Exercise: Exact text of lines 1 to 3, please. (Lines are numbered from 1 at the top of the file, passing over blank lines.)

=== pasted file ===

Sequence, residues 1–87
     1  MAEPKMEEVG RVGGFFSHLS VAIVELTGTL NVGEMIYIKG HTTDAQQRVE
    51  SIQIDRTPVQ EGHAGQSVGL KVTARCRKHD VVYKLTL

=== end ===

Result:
Sequence, residues 1–87
     1  MAEPKMEEVG RVGGFFSHLS VAIVELTGTL NVGEMIYIKG HTTDAQQRVE
    51  SIQIDRTPVQ EGHAGQSVGL KVTARCRKHD VVYKLTL